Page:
For Immediate Release: Friday, May 24, 2013:
For More Information:
Ken Kramer, Water Resources Chair, 512-626-4204 (cell)
Jennifer Walker, Water Resources Coordinator, 512-627-9931 (cell)
Update by Ken Kramer, Sierra Club Lone Star Chapter Water Resources Chair, on Five Good, Five Troublesome Water Bills in the Last Few Days of the Texas State Legislative Session
“As we move through the last few days of the state legislative session, much of the focus on water legislation has been on funding the state’s water plan. The Sierra Club supported the final passage of HB 4 and House approval of SJR 1. We support the allocation of $2 billion from the Rainy Day Fund to a new state water fund.
“In addition to grappling with the water funding issue the Texas Legislature has passed other significant legislation to advance water conservation and curb water loss by water utilities. Equally important the Legislature has turned down many other bills that would have been problematic for managing and protecting our state’s existing water resources.
“In April we identified five good water bills and five problematic ones under consideration in the Legislature. Here is our update on those bills. Most of the good ones have passed or are passing in one form or another, and most of the troublesome ones have not survived. Here is an update on the bills.”
Update on Five Good Water Bills Highlighted in April:
SB 198 (Watson/Dukes) – enables property owners in a homeowners association (HOA) to install drought resistant landscaping or water-conserving natural turf, subject to approval of a landscaping plan by the HOA – SB 198 has passed both houses and will soon be on its way to the Governor.
HB 857 (Lucio III/Ellis) – requires annual water audits by retail water utilities with more than 3300 connections to determine their water loss and submittal of those audits to the Texas Water Development Board – HB 857 passed both houses and has been sent to the Governor.
HB 3605 (Burnam/Hegar) – addresses water loss in retail water utilities through state financial assistance programs of the Texas Water Development Board – HB 3605 passed both chambers with slightly different language , and the House concurred with the Senate amendments.
SB 873 (Hegar) – clarifies the authority of groundwater districts to require permits for the drilling or operation of water wells where the water is supplied for hydraulic fracturing for oil or gas –SB 873 was amended and passed the Senate but did not get a hearing in the House (some groundwater districts became concerned that the revised language actually undercut their authority).
SB 1169 (Hegar/Bonnen) – as initially filed, the bill called for strengthening the role of the state Water Conservation Advisory Council, requiring retail water utilities receiving state financial assistance to address water loss, and requiring implementation of drought contingency plans when a drought emergency is declared – SB 1169 passed the Senate and was favorably reported from the House Natural Resources Committee in its original form; however, the bill was significantly altered on the House floor. House Members adopted amendments that would require the state Water Conservation Advisory Council be reviewed by the Sunset Commission for the first time in 2015; removed all other provisions of the original bill, added revised language from another House bill to create the Brazos River Water Master Program, and added a water use reporting requirement for electric generating facilities. The Senate sponsor has indicated his intention to concur with House amendments.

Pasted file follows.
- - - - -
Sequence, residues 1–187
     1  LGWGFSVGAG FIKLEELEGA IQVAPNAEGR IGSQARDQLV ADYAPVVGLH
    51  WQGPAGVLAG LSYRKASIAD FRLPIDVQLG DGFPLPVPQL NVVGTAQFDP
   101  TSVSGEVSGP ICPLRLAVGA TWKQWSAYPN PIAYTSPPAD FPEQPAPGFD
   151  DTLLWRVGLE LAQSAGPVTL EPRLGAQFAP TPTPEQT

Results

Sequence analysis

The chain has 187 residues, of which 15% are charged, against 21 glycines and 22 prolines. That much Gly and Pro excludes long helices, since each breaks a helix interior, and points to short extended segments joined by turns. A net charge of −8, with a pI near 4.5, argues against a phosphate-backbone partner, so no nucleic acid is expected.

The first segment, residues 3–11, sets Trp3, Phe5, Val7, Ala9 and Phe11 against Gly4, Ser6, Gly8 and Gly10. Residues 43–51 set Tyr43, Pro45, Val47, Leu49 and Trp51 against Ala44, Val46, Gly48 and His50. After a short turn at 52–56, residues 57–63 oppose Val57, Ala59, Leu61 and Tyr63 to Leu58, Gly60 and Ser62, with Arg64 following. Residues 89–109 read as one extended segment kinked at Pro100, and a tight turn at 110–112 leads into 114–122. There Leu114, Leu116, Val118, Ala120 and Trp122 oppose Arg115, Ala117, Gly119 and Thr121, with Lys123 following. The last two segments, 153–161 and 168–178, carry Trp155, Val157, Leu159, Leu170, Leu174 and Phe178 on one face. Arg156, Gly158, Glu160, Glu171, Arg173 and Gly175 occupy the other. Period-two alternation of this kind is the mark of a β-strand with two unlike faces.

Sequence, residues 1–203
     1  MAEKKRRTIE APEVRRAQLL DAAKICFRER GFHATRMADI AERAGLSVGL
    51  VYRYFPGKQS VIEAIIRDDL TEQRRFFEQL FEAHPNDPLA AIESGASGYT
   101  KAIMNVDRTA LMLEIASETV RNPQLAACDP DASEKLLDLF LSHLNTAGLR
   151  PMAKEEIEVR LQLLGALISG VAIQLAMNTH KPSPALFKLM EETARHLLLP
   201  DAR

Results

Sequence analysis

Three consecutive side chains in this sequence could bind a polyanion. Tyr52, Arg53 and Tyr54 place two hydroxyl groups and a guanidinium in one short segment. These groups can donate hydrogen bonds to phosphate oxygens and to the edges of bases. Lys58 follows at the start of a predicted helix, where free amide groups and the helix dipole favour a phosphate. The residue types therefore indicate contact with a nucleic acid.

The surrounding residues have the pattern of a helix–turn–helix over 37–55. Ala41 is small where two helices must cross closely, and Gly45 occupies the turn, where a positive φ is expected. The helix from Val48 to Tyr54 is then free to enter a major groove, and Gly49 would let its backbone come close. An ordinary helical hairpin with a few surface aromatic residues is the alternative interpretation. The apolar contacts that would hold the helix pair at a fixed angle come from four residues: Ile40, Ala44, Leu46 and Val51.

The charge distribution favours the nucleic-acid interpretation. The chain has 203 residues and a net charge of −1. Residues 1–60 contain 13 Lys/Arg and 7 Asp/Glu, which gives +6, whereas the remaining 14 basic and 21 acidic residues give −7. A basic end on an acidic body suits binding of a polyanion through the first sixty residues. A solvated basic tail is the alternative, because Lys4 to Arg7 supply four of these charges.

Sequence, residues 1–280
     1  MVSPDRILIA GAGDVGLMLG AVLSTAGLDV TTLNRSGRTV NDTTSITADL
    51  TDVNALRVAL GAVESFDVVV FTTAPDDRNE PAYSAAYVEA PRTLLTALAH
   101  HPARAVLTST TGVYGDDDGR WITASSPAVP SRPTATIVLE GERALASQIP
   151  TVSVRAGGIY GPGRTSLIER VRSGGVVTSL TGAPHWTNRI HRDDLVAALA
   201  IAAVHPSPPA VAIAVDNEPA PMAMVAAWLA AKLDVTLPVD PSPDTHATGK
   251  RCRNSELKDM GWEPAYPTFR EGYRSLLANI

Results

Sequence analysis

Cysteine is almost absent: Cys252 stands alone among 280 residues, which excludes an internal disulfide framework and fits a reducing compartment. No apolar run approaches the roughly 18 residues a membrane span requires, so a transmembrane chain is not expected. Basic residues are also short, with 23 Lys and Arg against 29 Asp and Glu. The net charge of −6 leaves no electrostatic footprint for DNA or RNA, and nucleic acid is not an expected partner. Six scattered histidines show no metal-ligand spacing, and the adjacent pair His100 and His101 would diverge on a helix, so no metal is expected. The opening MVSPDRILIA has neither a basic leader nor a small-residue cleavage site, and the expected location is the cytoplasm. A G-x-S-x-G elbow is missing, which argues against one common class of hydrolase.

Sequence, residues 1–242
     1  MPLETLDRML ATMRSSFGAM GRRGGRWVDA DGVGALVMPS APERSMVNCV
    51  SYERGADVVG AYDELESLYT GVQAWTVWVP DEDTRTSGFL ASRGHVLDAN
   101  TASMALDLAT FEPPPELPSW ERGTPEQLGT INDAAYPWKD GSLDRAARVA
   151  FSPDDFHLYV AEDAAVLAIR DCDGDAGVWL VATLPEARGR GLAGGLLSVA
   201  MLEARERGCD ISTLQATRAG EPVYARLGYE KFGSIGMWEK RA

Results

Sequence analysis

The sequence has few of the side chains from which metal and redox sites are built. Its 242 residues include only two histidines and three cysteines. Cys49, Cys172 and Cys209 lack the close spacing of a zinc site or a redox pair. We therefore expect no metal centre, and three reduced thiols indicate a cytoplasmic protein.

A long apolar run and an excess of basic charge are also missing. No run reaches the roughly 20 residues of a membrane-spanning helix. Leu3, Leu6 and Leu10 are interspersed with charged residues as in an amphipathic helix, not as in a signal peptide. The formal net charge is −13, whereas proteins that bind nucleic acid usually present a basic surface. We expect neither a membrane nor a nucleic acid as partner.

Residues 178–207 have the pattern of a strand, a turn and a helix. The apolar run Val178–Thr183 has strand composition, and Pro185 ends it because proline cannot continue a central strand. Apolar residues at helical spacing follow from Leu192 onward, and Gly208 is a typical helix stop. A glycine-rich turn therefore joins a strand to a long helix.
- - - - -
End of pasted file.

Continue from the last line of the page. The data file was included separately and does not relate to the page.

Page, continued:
Update on Five Troublesome Water Bills Highlighted in April:
HB 824 (Callegari/Hegar) – eliminates the requirement that all sewer overflows be reported to the Texas Commission on Environmental Quality (TCEQ) within 24 hours (threshold for reporting would have been more than 1000 gallons; overflows below that level would have been exempted from reporting) – HB 824 was amended and passed the House but died in Senate Natural Resources Committee.
HB 1079 (Smith/Hancock) – limits the Texas Commission on Environmental Quality and public review of uranium mining operations that might impact groundwater quality – HB 1079 was revised but there are still concerns about adequate review of production area authorizations
HB 2334 (Callegari) – exempting the development of brackish water or marine water from certain state and/or groundwater district permitting or other regulatory requirements – HB 2334 was not considered on the House Floor but was amended onto HB 2578 by the House. The amended bill died in Senate Natural Resources Committee.
HB 3234 (Ritter/Fraser) – setting unrealistic deadlines for the processing of water rights permits that could lead to inadequate review of permit applications and might interfere with the public’s opportunity to impact permitting decisions – HB 3234 was voted down in Senate Natural Resources Committee.
SB 1894 (Fraser) – preventing revision and possible strengthening of adopted state standards for instream flows and freshwater inflows to bays and estuaries until at least 2022 – SB 1894 was withdrawn from Senate Natural Resources Committee hearing agenda and never seen again.
Special Note on Other Good Water Bills
In addition to the five good water bills highlighted in April, other bills have passed or are passing that will advance water conservation, proper water management, and/or public awareness of water – among those bills are (more details will be provided later): HB 1461 (Aycock/Fraser), HB 2615 (Johnson/Fraser), HB 2781 (Fletcher/ Campbell), HB 3604(Burnam/(Hegar), SB 385 (Carona/Keffer), SB 654 (West/Anchia), and SB 700 (Hegar/Kacal).